For Immediate Release: Apr. 8, 2015
Media Contact: Linda Rapattoni - 916-654-4989

MEDIA ADVISORY

Energy Commission Approves Grants for
Transportation, Energy Storage, Biogas and Efficiency Programs
Adopts Investment Plan Update for Alternative and Renewable Fuel and Vehicle Technology Program

SACRAMENTO - The California Energy Commission approved more than $83.7 million in grants and loans for 46 projects today at its monthly business meeting, ranging from a plant that converts forest waste to electricity to a manufacturing line for all-electric public buses.

The Energy Commission also took the first steps to implement the Governor's water conservation executive order by adopting emergency regulations establishing standards to improve the efficiency of toilets, urinals and faucets. The regulations take effect Jan. 1, 2016.

Additionally, the Energy Commission approved the 2015-2016 Investment Plan Update for its Alternative and Renewable Fuel and Vehicle Technology Program (ARFVTP). The program develops and deploys innovative technologies that transform California's fuel and vehicle types to help attain the state's climate change goals. The annual Investment Plan Update determines priorities and opportunities for the program, describes how funding will complement existing public and private efforts, and guides funding decisions.

The 2014 Electric Program Investment Charge (EPIC) Annual Report to the Legislature also won approval from the Energy Commission. EPIC is a multiyear, research investment program focuses on creating electricity-related innovations and bringing clean energy ideas to the marketplace.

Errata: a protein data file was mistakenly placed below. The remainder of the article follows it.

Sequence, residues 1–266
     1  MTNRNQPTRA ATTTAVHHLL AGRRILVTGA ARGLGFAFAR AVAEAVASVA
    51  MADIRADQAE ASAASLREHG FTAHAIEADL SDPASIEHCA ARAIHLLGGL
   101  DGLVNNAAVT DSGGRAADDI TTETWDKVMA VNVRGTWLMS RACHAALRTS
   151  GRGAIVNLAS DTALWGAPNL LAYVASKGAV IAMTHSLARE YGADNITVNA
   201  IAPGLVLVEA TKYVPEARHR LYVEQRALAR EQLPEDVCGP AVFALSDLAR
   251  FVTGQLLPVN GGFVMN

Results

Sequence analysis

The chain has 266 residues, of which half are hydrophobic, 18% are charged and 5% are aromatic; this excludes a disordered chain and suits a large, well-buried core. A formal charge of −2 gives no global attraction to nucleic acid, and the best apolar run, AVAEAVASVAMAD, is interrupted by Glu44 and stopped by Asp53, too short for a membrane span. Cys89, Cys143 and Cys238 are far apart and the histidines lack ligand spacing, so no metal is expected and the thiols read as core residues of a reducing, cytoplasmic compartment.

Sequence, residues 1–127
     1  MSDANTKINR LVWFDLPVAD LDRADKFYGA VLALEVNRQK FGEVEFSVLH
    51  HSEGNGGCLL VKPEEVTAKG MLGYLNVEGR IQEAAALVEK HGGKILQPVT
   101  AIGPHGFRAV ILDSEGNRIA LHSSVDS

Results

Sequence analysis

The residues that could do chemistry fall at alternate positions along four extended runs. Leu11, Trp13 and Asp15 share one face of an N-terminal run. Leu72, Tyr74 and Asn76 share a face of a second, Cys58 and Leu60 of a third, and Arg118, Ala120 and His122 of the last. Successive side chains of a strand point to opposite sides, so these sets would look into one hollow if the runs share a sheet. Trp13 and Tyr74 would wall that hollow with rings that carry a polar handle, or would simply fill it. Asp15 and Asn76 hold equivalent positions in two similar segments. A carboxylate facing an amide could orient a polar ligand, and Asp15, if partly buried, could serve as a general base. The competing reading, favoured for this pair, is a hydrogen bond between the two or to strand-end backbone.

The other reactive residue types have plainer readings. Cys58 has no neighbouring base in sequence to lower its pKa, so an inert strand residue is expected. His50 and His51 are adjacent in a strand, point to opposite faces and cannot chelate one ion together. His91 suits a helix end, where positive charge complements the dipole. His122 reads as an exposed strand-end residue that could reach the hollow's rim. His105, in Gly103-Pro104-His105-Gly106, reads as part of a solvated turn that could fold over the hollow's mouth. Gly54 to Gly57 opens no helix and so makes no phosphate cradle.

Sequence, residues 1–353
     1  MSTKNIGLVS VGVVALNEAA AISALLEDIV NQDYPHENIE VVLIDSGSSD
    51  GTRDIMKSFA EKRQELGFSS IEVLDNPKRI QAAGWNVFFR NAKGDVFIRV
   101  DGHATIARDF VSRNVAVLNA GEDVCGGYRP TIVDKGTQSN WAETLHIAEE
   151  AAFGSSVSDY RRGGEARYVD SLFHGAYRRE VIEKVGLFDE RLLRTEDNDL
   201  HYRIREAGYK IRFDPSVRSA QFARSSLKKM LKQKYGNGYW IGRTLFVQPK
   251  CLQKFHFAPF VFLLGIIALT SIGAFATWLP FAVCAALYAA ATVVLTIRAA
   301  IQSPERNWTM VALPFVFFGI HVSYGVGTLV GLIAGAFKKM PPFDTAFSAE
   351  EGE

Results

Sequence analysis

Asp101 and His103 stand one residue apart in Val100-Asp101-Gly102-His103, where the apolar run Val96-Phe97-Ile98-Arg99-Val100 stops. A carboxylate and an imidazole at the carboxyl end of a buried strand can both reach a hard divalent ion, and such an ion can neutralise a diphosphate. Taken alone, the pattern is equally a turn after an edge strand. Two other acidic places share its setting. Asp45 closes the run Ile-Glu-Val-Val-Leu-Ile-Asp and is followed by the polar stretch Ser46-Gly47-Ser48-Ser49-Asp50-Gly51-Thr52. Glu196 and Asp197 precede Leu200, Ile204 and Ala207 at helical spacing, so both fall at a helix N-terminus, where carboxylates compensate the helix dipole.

Among the grants awarded by the Energy Commission were:

  • Nearly $21 million for nine projects that convert organic, municipal waste, and/or landfill waste into electricity in Brawley, Forest Hill, Orange County, Palm Springs, Redwood City, San Benito, San Bernardino County, Riverside and San Jose.
  • About $18 million for new microgrid projects in Fremont, Santa Rosa, Chino, Livermore and Borrego Springs that use renewable electricity, as well as smart inverters that automatically adjust to grid conditions.
  • Nearly $9 million in grants to three awardees in Poway, the City of Industry and Milpitas to encourage the manufacturing of alternative fuel vehicles and vehicle components in California that can significantly reduce greenhouse gas emissions, displace petroleum fuel demand and stimulate economic development.
  • A $5 million grant to install a commercial-scale gasification-to-electricity facility in North Fork within Madera County that converts forest wood waste to renewable electricity, while reducing fire risk, protecting watersheds, improving air quality and generating jobs.
  • A $3.4 million grant with Viridis Fuels, LLC to construct and operate a biodiesel production facility in Oakland. This facility will produce up to 20 million gallons of biodiesel annually from fats, oils and grease.
  • About $3.4 million in grants for research and development activities to increase operating efficiency and value of advanced ignition systems and fueling infrastructure for natural gas vehicles.

For all Commission actions taken at today's business meeting and details of projects listed above, view the Energy Commission business meeting agenda.


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The California Energy Commission is the state's primary energy policy and planning agency. The agency was established by the California Legislature through the Warren-Alquist Act in 1974. It has seven core responsibilities: advancing state energy policy, encouraging energy efficiency, certifying thermal power plants, investing in energy innovation, developing renewable energy, transforming transportation and preparing for energy emergencies.